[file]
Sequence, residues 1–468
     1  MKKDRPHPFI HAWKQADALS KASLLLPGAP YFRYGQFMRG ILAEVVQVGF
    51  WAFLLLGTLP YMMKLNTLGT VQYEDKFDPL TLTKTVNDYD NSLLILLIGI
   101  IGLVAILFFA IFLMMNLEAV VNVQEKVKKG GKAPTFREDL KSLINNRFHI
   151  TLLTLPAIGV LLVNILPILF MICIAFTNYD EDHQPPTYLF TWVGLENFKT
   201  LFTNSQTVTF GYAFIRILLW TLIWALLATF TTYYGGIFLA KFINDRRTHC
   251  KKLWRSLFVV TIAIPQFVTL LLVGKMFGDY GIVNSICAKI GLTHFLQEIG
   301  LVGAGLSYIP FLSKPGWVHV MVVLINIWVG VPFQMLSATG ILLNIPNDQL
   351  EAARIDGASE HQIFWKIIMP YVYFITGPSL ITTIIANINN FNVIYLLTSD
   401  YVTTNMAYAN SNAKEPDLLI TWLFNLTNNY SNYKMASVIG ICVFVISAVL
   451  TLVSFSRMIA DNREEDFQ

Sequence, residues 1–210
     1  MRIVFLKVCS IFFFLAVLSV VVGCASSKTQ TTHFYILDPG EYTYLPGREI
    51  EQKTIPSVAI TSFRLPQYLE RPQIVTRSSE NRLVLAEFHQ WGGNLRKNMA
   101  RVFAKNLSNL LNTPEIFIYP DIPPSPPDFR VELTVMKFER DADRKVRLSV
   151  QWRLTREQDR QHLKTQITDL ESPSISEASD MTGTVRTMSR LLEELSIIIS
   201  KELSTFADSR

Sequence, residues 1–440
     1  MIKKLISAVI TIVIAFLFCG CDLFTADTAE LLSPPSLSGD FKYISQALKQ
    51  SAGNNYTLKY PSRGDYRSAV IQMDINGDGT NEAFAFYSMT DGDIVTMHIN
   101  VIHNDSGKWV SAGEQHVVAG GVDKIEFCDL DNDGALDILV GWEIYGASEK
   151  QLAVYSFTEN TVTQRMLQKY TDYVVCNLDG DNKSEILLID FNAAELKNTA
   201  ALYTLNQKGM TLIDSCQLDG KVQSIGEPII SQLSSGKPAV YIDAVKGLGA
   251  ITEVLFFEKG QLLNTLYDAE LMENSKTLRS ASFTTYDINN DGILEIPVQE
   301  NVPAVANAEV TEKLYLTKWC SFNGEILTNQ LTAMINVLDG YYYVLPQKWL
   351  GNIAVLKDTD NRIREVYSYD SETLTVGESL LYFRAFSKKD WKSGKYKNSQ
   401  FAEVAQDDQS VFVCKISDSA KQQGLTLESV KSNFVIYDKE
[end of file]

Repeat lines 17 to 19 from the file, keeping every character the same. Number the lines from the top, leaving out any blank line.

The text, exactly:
   201  KELSTFADSR

Sequence, residues 1–440
     1  MIKKLISAVI TIVIAFLFCG CDLFTADTAE LLSPPSLSGD FKYISQALKQ